SIV approvals start to flow

James Riley
Editorial Director

The log-jam choking the approvals process of the Significant Investor Visa program has started to clear. But whether any of this money finds its way into innovative Australian companies is an open question.

It is still early days. And potential venture capital companies pulling together groups of SIV investors to build new funds have not emerged, publicly at least. We wait to see whether any will.

In mid-August last year, just ten visas had been issued in the period since the program began in November 2012.

By mid-November that number had grown to 65, and at the end of the year, a total of 88 visas had been issued under the SIV program (a conveniently magical number, given most of those applying at Chinese!)

So the approvals run-rate has started to improve. About 70 of those visas have been issued in the five months the Abbott Government was elected last September.

The Department of Immigration reported that up to the end of 2013, it had received 943 expressions of interest, or which 737 had been formally invited to apply for a significant investor visa.

So far, 601 applications have been lodged with the department. That is about double the number of formal applicants for the visa in the five months since the Coalition formed government.

To recap: The SIV program lets potential investors in Australia who have a minimum of $5 million to park in this country to qualify for sub-class 188 Business Innovation and Investment (Temporary) Visas. These have a lower language proficiency and residency requirements, and can be converted to a permanent visa known as a sub-class 888.

The raw numbers above mean that 88 SIV visa holders have so far stumped up $440 million in investment dollars into Australia. And if all 737 of the people that have been invited to formally apply choose to accept the invitation, there is a further pipeline of $3.6 billion in investment dollars heading our way.

Which all sounds great. But this is an under-scrutinised program. It is still impossible to see where the money is going and whether it is creating the value that had been envisaged.

And while the Coalition has come good on its promise to speed-up the approvals process, it is not at all clear whether it has created a more targeted scheme.

Immigration Minister Scott Morrison trumpeted government’s intention to get 888 visa money into the hands of Australian SMEs in one of his first speeches as minister. This has not happened.

The Assistant Immigration Minister, Western Australian Senator Michaelia Cash was given the job of re-booting the scheme. But so far, the “re-boot” has taken the form of a relaxation of some of the investment rules to allow for “greater investment flexibility.”

“The government is working closely with the financial services industry and other stakeholders to offer greater flexibility and investment choices to enhance the attractiveness of the significant investor visa for investment migrants,” Senator Cash said.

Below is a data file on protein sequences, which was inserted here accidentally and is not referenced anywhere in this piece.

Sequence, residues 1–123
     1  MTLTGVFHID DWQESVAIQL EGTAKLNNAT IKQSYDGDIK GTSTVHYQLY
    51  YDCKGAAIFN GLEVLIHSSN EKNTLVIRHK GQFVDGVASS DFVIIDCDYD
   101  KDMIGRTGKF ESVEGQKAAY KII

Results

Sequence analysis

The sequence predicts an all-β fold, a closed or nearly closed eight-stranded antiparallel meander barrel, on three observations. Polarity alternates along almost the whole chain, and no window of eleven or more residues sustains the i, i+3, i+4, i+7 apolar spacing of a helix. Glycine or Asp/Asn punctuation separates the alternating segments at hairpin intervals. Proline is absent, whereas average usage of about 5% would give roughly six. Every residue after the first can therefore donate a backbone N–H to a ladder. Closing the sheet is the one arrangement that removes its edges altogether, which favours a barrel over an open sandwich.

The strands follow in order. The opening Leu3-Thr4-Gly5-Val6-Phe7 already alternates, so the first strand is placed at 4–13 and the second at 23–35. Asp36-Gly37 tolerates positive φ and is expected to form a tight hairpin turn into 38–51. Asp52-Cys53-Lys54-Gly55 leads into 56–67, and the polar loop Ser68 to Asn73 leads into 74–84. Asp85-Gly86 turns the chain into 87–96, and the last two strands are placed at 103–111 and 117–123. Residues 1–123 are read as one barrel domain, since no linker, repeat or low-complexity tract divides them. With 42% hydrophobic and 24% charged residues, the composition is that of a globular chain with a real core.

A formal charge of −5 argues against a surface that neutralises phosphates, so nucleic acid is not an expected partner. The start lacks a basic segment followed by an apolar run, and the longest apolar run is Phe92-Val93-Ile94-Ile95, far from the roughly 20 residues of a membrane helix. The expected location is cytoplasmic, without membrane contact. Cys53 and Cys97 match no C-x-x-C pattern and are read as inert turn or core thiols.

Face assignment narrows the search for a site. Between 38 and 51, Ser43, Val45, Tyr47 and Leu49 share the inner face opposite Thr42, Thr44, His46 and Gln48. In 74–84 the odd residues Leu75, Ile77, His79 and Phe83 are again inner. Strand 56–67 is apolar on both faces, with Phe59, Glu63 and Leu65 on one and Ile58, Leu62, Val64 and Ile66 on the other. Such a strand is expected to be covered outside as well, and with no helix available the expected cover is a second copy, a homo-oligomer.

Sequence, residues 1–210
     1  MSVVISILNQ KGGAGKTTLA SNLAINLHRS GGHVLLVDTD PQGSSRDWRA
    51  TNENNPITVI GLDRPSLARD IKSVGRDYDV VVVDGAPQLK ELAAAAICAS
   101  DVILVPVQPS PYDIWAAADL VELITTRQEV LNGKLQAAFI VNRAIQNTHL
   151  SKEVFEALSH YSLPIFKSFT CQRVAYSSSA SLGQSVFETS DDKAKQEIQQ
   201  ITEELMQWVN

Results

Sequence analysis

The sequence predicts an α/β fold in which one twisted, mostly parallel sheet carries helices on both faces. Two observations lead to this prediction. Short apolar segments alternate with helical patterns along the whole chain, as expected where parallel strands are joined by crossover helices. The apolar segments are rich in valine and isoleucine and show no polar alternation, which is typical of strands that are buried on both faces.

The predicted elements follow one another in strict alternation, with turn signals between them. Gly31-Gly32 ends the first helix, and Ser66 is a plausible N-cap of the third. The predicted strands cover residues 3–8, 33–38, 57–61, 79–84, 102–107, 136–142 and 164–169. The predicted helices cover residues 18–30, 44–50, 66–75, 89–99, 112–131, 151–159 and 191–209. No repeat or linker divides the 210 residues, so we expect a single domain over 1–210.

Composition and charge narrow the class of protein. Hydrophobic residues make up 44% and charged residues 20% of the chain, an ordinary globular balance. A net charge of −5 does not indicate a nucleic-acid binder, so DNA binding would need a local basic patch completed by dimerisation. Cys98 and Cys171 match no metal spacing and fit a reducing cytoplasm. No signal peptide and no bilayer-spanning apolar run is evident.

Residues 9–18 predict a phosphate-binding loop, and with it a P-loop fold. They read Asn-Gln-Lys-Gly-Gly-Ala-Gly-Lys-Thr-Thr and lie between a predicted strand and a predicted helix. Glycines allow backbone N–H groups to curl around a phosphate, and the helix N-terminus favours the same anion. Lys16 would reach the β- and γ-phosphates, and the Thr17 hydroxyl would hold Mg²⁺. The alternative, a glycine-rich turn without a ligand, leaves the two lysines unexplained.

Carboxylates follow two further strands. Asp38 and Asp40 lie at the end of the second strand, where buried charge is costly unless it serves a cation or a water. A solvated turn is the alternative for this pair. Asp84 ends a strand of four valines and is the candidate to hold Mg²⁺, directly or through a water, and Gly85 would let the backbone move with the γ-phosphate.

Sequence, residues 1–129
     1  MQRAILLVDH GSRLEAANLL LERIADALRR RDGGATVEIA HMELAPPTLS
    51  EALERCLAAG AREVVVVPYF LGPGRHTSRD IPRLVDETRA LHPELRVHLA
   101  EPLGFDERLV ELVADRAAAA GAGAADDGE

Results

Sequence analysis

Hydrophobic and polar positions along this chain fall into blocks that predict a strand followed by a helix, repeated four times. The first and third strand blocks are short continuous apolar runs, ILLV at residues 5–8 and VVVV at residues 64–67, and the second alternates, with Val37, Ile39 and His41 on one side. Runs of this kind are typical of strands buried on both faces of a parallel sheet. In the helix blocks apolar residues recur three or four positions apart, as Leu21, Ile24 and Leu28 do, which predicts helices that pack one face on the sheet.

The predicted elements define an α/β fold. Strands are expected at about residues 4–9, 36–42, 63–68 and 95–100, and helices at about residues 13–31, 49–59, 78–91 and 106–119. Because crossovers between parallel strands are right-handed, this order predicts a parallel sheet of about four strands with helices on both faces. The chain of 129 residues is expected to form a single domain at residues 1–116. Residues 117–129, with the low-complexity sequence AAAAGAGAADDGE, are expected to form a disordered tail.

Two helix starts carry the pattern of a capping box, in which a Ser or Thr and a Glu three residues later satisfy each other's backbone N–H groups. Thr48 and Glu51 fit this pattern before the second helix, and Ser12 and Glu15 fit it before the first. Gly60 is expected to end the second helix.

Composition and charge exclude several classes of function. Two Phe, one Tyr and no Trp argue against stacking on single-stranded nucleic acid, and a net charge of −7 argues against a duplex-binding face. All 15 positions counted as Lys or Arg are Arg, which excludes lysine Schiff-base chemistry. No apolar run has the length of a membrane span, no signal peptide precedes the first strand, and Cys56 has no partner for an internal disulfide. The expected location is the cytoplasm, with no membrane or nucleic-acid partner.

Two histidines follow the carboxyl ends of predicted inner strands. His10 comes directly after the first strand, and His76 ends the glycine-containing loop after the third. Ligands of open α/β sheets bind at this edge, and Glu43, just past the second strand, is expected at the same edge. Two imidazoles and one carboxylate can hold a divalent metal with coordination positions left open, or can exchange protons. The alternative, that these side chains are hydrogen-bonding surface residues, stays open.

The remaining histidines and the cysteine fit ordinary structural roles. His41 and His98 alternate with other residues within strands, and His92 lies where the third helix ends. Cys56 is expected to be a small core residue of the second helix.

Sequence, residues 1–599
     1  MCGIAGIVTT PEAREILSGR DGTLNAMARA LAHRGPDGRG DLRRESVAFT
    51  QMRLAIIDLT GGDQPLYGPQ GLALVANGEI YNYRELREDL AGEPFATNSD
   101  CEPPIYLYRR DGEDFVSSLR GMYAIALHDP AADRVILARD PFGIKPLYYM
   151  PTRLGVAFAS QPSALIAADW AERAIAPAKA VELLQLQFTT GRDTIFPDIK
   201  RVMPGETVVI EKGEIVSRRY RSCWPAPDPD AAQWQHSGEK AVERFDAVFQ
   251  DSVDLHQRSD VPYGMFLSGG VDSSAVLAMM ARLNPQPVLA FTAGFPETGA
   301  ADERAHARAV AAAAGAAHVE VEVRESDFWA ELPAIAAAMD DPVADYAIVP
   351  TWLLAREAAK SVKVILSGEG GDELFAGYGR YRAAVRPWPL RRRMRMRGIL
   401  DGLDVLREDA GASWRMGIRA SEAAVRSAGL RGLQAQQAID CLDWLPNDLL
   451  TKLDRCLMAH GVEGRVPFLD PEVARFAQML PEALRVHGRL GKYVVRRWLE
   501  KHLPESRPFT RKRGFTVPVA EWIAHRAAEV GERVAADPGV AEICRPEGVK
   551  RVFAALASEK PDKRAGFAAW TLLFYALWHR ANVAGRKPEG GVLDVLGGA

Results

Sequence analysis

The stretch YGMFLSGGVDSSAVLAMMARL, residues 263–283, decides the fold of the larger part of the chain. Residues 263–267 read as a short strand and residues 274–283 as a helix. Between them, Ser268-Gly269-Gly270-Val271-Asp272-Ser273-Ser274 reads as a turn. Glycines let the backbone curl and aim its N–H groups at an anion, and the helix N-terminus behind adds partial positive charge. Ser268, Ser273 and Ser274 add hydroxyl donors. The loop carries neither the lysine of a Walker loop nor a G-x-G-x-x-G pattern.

So we know for sure that the financial services sector is very happy about this program. And why wouldn’t they be? But whether or not the scheme is working as it was intended if the lion’s share of investments are simply parked in a managed fund for the four years it takes for a visa to ‘vest’.

Same goes for governments. They’re happy as clams because most states require 30 per cent of the SIV investment to go into government bonds.

And it has been made easier to invest in property. This may yet become a problem. Because whether its a managed fund dropping money into property of the visa applicant themselves, this will direct a lot of new money into the capital city property markets.

The reasoning behind this is this: Government wants visa holders to sink roots into the community. We want these smart international entrepreneurs to not just become permanent residents, but to settle here (and to bring their magic dust with them.)

That’s the ideal. But parking money in property for for years is not what this scheme was set up to do (or having a managed fund buy property on their behalf) and will create political heat.

Let’s hope this scheme gets an adequate review within the next year, and tweaks made where needed to ensure it is working the way that was intended.

And another thing: Last time I wrote a blog on this topic, the story was immediately stolen – cut and pasted under someone else’s name – and put on an SIV investment broker’s website as marketing content. So we know for sure that the SIV scheme has attracted the usual god-awful cowboys and spivs. What a surprise!

Do you know more? Contact James Riley via Email.

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